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 AGENCY
 PARTNERSHIP
 CORPORATIONS
NEGOTIABLE INSTRUMENTS & BANKING
 FAMILY LAW
 MARYLAND CIVIL PROC.
 PROFESSIONAL CONDUCT
 SECURED TRANSACTIONS
 
 ADDITIONAL SAMPLES:
 

SAMPLE MARYLAND Q & A

Note: the sample interrogatories do not appear in the same order as they do in the actual materials.

AGENCY
   
Q1. How is an agency relationship created?
A1. An agency relationship is created when both the principal and the agent manifest assent to the creation of the relationship. No consideration is needed to form an agency relationship! Assent can be manifested through either the words or the actions of the parties.
   
Q2. Articulate the difference between a frolic and a detour.
A2.

A detour is a minor deviation from a servant's designated duties. A frolic is a MAJOR deviation from a servant's designated duties.

I don't know why, but the overwhelming majority of people I work with get these terms confused; make sure that you have them straight. Whether something is a “frolic” or a “detour” requires a careful discussion of the facts of the question.

 
PARTNERSHIP
 
Q1. Articulate the definition of a general partnership.
A1. A general partnership is defined as “an association of two or more COMPETENT persons who agree to carry on as co-owners of a business for profit.” The agreement can be written or oral. The partners must have the intention of making a profit; but even if they never make a nickel they are still a partnership.

Each partner has unlimited personal liability for all the debts of the partnership. Keep in mind: that the partners do not have to be natural persons. For example, two corporations can form a partnership.
   
Q2. Is an incoming general partner liable for any debts of the partnership that he joins? If yes, to what extent is he liable?
A2. An incoming partner is personally liable for the debts of the partnership that arise after his admission. The incoming partner is also liable for debts that pre-date his admission to the partnership, but only up to the amount of his capital contribution.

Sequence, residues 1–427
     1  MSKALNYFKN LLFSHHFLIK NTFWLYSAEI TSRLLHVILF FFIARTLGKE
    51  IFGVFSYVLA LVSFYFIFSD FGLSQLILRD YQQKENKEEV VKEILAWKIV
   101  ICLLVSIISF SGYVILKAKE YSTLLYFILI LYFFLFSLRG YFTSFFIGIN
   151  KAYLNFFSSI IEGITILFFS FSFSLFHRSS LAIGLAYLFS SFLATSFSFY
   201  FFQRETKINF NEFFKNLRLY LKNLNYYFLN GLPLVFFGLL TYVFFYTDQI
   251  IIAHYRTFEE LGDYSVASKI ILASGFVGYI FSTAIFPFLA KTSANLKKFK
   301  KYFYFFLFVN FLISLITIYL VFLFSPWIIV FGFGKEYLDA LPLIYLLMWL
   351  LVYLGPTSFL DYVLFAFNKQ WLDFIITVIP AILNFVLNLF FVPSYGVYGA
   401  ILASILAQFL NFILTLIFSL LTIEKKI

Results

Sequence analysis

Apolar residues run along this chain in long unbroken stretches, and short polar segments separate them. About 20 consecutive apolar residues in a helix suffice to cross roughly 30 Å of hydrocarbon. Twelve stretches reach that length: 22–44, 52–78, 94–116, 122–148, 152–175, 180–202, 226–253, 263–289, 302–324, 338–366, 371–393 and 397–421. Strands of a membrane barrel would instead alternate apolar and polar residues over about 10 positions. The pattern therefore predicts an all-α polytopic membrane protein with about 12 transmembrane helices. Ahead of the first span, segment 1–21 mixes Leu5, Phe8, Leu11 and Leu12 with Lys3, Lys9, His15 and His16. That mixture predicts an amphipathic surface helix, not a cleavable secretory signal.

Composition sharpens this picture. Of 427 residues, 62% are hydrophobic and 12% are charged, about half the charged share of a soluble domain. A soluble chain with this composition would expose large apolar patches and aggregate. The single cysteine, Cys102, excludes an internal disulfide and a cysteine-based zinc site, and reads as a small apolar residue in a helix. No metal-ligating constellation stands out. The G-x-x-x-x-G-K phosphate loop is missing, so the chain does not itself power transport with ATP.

CORPORATIONS
   
Q1. A promoter is primarily and personally liable on the contracts he enters into on behalf of the Corporation that is being formed. When will the promoter cease to be liable on such contracts?
A1. The promoter will cease to be liable on these contracts only when there is a novation in which the Corporation substitutes itself for the promoter and the third party accepts this substitution. It is a good idea to study contracts before studying corporations.

The flip side of this rule is that the promoter will remain liable on all contracts he entered into on behalf of the corporation unless and until there has been a novation. This can seem unfair since the Corporation will receive the benefit of the contract and the promoter will have to pay for it. If this occurs, it is the promoter's own fault. Remember my favorite word - Insurance! The promoter will, in real life, have promoter's insurance. This will cover him for any damage he suffers as a result of being a promoter. You do not have to discuss this on the bar. I mention it here so that you may analyze a fact pattern and not be distracted in your analysis by any perceived injustice.
 

 

Q2. What is the procedure for receiving appraisal rights?
A2. To receive appraisal rights, the stockholder must take several steps. First, the stockholder must file an objection to the proposed matter before or at the shareholders meeting where voting on the fundamental change will take place. He then has twenty (20) days to file a written demand on the corporation for payment of his shares.
NEGOTIABLE INSTRUMENTS & BANKING
   
Q1. Hypo: if I give a promissory note to my friend Jack in return for $50 and say that it will be payable subject to his sister going on a date with me, is the note still negotiable?